“The show is over, as we yankees say,” Sanford writes Charles, “and the girl is my own.” Sanford tells Charles that he had gone to visit Eliza and that the Reverend Boyer had interrupted their talk. Boyer gave them “a pretty harsh look and retired without speaking a word.” Eliza ran after Boyer, but he quickly exited and left town. Eliza told Sanford that Boyer’s “resentment at her meeting [Sanford] in the garden was so great, that he bid her a final adieu.”
When Sanford says the “the girl is [his] own,” what he means is that the girl isn’t someone else’s. Eliza hasn’t consented to a relationship with Sanford, but then again this isn’t what he is looking for. He simply doesn’t want Eliza to be with any other man, and since it appears that Boyer has left the picture, Sanford has indeed succeeded in his plan.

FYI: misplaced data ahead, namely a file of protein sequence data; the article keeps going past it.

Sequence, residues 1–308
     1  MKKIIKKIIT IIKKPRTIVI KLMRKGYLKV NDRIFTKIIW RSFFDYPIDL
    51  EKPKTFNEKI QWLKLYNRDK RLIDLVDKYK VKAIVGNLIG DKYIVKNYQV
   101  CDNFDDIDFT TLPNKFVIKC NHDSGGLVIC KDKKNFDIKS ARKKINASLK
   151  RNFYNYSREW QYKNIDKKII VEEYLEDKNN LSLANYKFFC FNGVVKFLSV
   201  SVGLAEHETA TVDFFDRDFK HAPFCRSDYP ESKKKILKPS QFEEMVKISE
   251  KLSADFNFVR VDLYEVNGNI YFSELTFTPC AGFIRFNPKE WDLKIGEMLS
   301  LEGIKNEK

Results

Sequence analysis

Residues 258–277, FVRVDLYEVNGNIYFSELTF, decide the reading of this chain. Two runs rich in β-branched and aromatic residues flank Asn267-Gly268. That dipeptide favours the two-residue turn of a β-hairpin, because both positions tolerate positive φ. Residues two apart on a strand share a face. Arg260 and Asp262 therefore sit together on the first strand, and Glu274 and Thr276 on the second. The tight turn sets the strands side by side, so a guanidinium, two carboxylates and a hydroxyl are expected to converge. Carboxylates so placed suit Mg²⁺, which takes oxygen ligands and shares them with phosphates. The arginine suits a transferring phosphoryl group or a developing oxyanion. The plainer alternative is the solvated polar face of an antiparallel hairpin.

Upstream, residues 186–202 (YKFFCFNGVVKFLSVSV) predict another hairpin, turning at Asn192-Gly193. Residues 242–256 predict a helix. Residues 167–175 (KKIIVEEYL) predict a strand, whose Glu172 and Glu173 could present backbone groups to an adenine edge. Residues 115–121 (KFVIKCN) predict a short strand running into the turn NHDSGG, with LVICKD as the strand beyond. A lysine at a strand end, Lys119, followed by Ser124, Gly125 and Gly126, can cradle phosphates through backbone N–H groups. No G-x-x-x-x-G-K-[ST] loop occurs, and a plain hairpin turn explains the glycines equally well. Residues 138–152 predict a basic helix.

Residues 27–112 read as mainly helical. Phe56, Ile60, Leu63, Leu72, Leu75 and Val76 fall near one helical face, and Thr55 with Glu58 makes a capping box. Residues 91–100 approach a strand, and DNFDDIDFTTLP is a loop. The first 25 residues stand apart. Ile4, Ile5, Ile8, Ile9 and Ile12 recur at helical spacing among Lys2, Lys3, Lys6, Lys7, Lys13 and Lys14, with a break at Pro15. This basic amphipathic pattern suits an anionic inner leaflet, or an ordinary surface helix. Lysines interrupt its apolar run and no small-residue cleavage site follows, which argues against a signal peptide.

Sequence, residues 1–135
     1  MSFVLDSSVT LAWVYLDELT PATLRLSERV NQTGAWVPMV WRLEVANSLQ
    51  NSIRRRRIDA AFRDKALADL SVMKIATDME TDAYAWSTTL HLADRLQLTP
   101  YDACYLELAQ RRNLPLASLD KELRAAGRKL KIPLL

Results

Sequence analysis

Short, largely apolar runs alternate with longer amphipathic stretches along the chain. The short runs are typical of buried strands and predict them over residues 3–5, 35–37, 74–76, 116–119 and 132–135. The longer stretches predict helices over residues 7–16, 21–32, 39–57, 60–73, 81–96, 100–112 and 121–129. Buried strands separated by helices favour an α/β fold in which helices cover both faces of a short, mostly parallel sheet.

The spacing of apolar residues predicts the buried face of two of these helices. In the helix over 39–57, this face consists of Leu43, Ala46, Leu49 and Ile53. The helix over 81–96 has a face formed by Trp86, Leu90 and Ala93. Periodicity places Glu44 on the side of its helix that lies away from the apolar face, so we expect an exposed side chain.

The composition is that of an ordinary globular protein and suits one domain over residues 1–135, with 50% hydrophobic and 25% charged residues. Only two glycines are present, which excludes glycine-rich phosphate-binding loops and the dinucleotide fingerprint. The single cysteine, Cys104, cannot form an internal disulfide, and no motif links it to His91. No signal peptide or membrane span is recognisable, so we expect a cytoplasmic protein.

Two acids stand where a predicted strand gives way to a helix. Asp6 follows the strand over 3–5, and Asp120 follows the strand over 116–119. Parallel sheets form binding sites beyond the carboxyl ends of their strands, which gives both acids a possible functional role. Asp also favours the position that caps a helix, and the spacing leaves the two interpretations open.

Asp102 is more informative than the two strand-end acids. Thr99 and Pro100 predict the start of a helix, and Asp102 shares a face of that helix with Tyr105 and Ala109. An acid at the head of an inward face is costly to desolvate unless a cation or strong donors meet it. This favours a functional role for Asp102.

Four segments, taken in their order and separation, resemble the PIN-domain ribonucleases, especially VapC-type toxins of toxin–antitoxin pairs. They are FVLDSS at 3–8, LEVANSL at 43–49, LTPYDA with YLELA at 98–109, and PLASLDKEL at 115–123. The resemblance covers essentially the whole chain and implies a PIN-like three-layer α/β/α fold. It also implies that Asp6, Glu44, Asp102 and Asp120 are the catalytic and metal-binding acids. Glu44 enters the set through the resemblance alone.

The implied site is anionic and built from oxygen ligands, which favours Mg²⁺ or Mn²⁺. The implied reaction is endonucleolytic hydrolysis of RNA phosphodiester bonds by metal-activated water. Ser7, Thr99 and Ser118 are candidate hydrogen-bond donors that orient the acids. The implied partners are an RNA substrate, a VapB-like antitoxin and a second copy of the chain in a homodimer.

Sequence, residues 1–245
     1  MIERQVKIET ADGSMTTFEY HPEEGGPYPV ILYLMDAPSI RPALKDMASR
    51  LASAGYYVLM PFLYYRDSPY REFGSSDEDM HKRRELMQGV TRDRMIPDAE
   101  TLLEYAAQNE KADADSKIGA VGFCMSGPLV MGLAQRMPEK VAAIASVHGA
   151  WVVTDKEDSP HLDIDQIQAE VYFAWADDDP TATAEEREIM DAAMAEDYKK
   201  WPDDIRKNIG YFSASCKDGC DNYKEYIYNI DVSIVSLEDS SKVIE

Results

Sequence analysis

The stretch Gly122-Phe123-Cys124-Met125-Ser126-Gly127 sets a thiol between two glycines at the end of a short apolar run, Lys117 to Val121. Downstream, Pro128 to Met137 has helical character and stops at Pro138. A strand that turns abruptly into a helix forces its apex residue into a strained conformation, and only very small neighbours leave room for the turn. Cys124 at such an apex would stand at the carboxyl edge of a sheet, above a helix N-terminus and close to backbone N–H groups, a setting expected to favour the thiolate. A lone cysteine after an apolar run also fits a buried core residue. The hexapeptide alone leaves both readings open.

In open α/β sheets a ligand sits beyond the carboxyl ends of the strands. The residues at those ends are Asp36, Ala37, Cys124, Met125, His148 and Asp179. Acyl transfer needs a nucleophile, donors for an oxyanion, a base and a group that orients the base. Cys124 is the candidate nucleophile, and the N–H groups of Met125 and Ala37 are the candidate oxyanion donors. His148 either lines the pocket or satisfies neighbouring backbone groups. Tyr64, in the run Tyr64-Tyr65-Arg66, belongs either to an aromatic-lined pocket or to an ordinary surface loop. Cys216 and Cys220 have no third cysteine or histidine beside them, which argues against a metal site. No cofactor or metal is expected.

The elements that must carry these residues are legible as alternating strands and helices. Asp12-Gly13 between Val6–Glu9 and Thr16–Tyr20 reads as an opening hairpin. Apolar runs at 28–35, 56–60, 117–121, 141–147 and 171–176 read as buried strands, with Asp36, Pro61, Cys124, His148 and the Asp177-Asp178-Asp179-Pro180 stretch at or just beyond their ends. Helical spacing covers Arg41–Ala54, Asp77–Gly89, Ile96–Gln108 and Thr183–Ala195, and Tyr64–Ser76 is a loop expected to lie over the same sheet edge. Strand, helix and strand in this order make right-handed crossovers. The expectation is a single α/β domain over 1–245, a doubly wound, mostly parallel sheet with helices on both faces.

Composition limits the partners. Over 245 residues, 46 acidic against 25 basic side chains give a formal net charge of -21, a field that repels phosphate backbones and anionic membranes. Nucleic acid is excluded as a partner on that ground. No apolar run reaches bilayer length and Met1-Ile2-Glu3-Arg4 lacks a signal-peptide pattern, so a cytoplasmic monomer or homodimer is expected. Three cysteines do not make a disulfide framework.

Sanford reassured Eliza that her displeasure and “embarrassments” wouldn’t last, and by the time Sanford returned from his trip to the South, she would be back to her old vivacious self. Sanford tells Charles that his trip southward is “occasioned by the prospect of making a speculation, by which [he] hopes to mend [his] affairs.”
Sanford is leaving town for no other reason than to go see about obtaining a rich wife. This again cements Sanford as a despicable person—he sabotages Eliza’s future marriage while simultaneously securing one (with a different woman, of course) for himself.